Relationships Among Research Methods and Paradigms
by Dr. Sharon Short
During the past several decades, considerable debate has raged between those who favor empirical (generally termed “quantitative”) research and those who prefer interpretive (generally referred to as “qualitative”) inquiry. Those who draw the lines most dogmatically argue that, since these research methods and paradigms are based on fundamentally conflicting views about the nature of reality, the researcher must commit to the one approach that corresponds to his or her philosophical position. One cannot endorse both paradigms because they represent reality in essentially contradictory ways and are therefore incompatible and mutually exclusive.
Several thoughtful scholars, however, have argued for complementarity among research paradigms rather than exclusivity (Eisner, 1981; Salomon, 1991; Soltis, 1984). As I struggled with these issues in the preparation of my dissertation proposal, I eventually concluded that those who claim that reality is either objective and external or socially constructed are claiming to much, and that it makes more sense to recognize some aspects of reality as objectively real and stable and other aspects of the same comprehensive reality as socially constructed. Salomon explains it in these words:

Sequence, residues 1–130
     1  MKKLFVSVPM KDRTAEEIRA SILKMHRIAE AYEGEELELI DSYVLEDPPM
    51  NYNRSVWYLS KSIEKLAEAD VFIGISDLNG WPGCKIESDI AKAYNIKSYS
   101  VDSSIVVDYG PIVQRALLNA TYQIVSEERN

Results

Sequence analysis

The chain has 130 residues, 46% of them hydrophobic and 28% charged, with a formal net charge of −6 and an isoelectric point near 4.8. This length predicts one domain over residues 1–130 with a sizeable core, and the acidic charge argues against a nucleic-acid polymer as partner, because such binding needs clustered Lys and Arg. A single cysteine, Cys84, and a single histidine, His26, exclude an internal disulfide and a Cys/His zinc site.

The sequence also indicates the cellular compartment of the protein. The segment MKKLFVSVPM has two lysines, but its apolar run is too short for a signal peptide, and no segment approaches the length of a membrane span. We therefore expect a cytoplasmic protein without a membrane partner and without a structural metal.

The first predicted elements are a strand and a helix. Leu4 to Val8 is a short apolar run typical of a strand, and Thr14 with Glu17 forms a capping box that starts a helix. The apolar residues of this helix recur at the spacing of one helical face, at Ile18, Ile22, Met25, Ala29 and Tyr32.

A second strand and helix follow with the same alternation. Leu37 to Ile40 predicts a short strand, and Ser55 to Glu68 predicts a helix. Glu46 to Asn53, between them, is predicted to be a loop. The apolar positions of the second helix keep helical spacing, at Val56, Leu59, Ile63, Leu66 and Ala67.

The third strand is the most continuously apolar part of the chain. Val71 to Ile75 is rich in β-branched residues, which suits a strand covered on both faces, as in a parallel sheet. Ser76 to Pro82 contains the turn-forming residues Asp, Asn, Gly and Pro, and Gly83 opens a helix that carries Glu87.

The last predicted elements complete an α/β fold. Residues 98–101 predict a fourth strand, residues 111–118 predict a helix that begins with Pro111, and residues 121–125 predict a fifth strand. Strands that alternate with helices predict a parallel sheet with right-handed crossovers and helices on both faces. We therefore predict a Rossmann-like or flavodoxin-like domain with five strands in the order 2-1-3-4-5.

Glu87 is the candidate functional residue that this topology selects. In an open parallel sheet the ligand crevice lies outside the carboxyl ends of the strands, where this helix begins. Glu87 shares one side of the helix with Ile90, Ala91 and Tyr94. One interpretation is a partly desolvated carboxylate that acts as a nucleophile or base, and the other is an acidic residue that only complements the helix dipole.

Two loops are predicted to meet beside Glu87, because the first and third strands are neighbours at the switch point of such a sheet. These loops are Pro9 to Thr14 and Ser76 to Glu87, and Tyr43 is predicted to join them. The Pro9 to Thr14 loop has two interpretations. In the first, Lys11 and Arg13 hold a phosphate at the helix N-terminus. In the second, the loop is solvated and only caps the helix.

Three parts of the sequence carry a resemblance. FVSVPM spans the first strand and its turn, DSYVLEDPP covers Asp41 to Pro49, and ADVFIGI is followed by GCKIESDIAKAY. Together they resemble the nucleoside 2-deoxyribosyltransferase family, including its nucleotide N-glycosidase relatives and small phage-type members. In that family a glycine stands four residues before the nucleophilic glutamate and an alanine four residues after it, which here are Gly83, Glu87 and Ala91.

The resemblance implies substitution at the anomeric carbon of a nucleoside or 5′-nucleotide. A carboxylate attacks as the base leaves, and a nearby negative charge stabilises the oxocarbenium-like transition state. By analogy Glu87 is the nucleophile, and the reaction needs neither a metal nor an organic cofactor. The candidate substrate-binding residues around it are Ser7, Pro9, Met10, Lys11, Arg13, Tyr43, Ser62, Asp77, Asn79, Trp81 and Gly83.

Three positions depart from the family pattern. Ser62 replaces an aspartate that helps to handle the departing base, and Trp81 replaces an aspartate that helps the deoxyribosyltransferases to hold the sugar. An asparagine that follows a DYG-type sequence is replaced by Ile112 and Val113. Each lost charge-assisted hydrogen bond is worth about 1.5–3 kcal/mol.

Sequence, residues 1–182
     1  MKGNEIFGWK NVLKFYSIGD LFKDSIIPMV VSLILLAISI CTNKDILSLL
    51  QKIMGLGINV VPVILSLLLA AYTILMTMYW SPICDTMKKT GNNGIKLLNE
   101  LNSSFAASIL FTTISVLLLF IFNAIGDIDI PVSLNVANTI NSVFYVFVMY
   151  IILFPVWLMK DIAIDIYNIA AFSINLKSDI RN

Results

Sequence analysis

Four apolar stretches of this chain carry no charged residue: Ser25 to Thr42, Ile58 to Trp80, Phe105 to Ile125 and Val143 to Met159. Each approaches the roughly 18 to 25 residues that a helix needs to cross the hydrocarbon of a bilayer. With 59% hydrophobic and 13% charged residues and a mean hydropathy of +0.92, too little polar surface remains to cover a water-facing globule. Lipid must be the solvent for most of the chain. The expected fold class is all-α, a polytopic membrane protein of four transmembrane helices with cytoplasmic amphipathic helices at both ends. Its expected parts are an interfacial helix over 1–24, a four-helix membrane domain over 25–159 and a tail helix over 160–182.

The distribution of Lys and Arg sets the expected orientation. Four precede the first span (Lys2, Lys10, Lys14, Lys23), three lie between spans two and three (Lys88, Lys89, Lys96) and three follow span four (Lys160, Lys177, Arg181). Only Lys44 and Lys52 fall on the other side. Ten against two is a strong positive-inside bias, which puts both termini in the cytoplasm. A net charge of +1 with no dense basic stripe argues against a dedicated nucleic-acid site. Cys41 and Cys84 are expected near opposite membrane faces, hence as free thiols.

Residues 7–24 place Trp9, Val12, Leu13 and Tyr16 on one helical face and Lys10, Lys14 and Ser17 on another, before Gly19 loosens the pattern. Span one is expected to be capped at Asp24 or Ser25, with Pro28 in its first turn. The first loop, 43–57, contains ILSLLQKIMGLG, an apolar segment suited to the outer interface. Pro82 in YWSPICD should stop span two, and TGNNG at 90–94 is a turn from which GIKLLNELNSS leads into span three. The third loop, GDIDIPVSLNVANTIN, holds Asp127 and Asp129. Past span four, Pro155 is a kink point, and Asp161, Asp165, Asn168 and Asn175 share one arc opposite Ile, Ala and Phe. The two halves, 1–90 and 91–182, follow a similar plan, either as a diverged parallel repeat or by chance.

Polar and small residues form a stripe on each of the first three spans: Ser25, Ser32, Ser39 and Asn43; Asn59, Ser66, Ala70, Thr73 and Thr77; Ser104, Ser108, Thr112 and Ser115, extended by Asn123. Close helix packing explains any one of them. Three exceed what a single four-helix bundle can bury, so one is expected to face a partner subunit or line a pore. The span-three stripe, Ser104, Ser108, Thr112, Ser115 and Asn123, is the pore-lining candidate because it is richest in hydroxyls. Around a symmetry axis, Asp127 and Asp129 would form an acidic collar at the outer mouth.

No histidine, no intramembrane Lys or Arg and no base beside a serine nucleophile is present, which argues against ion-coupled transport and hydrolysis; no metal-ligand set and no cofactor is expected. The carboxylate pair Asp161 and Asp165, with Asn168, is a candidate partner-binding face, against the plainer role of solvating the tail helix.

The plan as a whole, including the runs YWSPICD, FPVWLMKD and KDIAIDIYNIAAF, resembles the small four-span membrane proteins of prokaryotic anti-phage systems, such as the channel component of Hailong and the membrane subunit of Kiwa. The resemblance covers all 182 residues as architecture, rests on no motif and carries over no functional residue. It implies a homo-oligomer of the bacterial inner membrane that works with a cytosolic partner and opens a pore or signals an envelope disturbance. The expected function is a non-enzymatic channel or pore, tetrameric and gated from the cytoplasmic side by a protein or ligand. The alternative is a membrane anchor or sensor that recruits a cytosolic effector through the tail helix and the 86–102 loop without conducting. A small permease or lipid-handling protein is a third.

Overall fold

The very logic that underlies the acceptance of reality as social and research paradigms as human-made, admitting therefore a variety of these, ought also to accept the notion that no single paradigm or set of assumptions is necessarily superior to others….Rather, paradigms are ways to study selected aspects of the world, and thus their selection must be a function of that aspect chosen for study. (p. 15)
I think it is fair to say that reality is both stable and consistent (in general) and idiosyncratic and individualistic (in particular). This claim is much more true for the social sciences than for the physical sciences, and that may be the source of the trouble. Social scientists began by imitating the scientific methods of physical science, and these methods worked for them up to a point. But then there was so much more unexplained information than one would find in physical science, so much more variation and inconsistency, that some theorists rejected the paradigm entirely in favor of a different one, when in fact both of them could helpfully tell a part of the whole story.
Different aspects of education may appropriately be researched from each perspective. There is enough consistency, for example, in the way children develop cognitively, linguistically, and so on for general “laws” to be discovered, but there is also enough variation and individuality for research into specific cases to be important. More so than in the physical sciences, educational research needs to be approached from both ends of the spectrum if the reality under investigation is to be represented comprehensively. The correct paradigm, then, is the one that corresponds to the particular aspect of reality that is being examined.
Eisner, E. W. (1981). On the differences between scientific and artistic approaches to qualitative research. Educational Researcher, 10(4), 5-9.
Salomon. G. (1991). Transcending the qualitative-quantitative debate: The analytic and systemic approaches to educational research. Educational Researcher, 20(6), 10-18.
Soltis, J. F. (1984). On the nature of educational research. Educational Researcher, 13(10), 5-10.